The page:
The main reason to pass parameters by value is to improve performance, which is somewhat of a paradox, because this is also one of the main reasons to pass by reference.
The truth is that either method can improve performance?it just depends on the situation. Passing a parameter by reference avoids copying all the data members onto the stack, which could take a lot of resources if you’ve got a lot of members or you’re going to be calling the recipient function frequently. It also saves the time and memory required to allocated pointer members; allocating on the heap is much slower than pushing onto the heap.
If the parameter being passed is small, it’s possible that the compiler will place the entire value in a register for its whole lifetime. This is especially the case for built-in types or classes that contain one or two members that are also built-in types.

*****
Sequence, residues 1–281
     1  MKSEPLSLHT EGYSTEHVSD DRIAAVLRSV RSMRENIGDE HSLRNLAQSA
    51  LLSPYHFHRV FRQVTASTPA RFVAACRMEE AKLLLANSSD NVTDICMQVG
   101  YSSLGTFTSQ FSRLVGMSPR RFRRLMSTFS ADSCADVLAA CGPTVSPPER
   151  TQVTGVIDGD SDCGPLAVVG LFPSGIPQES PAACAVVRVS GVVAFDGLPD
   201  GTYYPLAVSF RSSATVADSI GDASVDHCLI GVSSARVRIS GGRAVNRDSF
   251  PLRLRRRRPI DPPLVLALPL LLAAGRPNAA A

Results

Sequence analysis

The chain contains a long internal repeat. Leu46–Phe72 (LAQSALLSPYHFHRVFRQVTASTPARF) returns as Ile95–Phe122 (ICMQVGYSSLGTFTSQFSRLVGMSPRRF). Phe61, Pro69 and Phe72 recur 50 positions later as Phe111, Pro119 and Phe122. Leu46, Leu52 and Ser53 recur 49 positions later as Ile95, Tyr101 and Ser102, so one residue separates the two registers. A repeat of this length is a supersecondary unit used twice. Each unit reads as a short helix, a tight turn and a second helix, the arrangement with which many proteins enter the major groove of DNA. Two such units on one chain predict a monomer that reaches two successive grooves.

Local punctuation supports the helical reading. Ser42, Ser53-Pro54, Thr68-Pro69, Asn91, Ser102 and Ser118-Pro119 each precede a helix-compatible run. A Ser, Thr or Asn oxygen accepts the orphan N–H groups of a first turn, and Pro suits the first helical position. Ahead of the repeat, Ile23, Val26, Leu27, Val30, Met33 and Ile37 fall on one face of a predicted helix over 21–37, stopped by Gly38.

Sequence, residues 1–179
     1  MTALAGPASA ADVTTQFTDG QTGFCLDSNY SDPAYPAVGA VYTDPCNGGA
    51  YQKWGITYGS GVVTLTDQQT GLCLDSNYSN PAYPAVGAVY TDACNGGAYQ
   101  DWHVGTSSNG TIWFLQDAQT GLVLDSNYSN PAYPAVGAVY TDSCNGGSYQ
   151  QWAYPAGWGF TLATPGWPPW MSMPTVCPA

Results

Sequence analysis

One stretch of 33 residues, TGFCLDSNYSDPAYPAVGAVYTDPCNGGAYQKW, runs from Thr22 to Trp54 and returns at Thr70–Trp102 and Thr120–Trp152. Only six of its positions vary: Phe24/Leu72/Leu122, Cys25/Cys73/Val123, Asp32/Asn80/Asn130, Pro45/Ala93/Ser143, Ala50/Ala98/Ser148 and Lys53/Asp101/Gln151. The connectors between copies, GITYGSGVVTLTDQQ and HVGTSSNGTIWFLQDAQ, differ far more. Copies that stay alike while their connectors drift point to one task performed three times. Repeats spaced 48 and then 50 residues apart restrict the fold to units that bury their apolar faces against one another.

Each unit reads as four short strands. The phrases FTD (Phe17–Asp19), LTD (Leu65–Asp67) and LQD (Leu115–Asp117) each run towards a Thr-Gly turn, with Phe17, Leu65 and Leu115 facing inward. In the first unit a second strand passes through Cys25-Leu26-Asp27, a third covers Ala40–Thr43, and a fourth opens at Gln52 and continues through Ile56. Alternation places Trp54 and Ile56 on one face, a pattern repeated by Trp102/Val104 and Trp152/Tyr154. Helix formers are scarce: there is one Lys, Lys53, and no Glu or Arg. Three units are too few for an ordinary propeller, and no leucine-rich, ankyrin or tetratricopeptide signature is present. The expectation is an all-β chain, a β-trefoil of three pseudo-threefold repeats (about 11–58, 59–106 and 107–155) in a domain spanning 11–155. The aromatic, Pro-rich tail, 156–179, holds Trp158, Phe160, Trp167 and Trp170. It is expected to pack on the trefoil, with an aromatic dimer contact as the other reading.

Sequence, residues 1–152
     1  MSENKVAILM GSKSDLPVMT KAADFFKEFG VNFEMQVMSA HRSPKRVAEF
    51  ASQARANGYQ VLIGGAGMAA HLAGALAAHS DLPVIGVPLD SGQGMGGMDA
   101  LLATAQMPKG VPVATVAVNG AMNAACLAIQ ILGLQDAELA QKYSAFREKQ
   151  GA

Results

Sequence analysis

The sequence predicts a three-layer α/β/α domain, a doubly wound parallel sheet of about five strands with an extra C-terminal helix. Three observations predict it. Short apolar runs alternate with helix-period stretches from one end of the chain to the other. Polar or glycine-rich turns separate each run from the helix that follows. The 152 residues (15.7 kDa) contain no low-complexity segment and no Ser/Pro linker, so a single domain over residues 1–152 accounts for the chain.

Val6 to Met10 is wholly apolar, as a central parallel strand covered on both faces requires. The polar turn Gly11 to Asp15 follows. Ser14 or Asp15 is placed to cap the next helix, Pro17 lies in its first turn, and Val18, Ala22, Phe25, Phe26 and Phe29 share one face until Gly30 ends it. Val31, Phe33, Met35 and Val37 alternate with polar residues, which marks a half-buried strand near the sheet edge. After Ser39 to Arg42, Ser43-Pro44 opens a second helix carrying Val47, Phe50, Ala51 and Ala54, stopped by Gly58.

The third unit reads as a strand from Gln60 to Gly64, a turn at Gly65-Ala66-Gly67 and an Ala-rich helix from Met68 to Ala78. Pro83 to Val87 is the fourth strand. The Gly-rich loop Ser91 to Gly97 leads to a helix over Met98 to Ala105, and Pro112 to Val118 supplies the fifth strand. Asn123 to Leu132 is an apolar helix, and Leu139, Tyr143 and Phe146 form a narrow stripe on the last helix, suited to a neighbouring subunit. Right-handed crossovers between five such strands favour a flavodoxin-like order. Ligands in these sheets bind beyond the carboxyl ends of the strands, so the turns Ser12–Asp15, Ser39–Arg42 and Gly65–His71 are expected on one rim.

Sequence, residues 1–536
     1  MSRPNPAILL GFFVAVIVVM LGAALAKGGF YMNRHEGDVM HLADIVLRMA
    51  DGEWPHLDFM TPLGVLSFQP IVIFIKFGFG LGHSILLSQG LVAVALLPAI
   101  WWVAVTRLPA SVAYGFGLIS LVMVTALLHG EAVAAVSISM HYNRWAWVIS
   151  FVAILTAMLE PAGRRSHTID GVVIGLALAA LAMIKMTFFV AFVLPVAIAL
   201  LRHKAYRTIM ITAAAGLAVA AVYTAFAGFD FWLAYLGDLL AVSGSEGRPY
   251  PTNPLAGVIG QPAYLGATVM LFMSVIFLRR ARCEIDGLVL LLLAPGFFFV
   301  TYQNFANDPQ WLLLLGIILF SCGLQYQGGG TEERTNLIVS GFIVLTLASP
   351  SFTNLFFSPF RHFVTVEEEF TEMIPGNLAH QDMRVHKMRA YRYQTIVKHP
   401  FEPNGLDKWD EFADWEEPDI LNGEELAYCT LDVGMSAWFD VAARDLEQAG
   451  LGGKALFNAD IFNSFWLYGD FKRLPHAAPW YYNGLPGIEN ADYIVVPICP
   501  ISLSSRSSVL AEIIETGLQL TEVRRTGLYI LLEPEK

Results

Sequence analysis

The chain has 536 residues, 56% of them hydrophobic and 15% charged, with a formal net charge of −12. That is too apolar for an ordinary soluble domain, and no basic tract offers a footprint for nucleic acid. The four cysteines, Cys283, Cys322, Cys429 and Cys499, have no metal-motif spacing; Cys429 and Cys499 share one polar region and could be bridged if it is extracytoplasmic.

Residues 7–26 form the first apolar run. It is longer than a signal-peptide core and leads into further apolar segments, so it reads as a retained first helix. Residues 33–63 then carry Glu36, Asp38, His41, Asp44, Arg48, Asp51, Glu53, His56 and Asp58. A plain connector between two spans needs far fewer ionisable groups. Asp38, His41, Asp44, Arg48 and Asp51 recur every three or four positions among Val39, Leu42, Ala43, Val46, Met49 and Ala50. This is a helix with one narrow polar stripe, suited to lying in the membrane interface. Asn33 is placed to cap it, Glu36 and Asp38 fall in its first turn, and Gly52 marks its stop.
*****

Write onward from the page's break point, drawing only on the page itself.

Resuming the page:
If you pass a register variable by value, depending on the processor and the compiler, the parameter may be passed in a register, which is very fast. If you pass it by reference, the compiler will have to store the object in RAM so that its address may be taken?references are usually implemented as RAM addresses. Essentially they are pointers that are automatically dereferenced for you, although I don’t think the ISO standard requires they be implemented in any particular way.
Suppose an object could have been stored in a register, and you pass it as a reference or pointer. This causes the compiler to copy the register to the stack, pass the stack address, and then possibly copy it back into a register after the call. This definitely slows you down.
Again, this is only permissible if slicing is not a problem. The recipient function expects the exact same type as the type you are passing?not its base class. This is often the case for simple classes like geometric points or numerical values.
If the copy constructor for the class you are passing is inlined, it may be faster to pass it by value.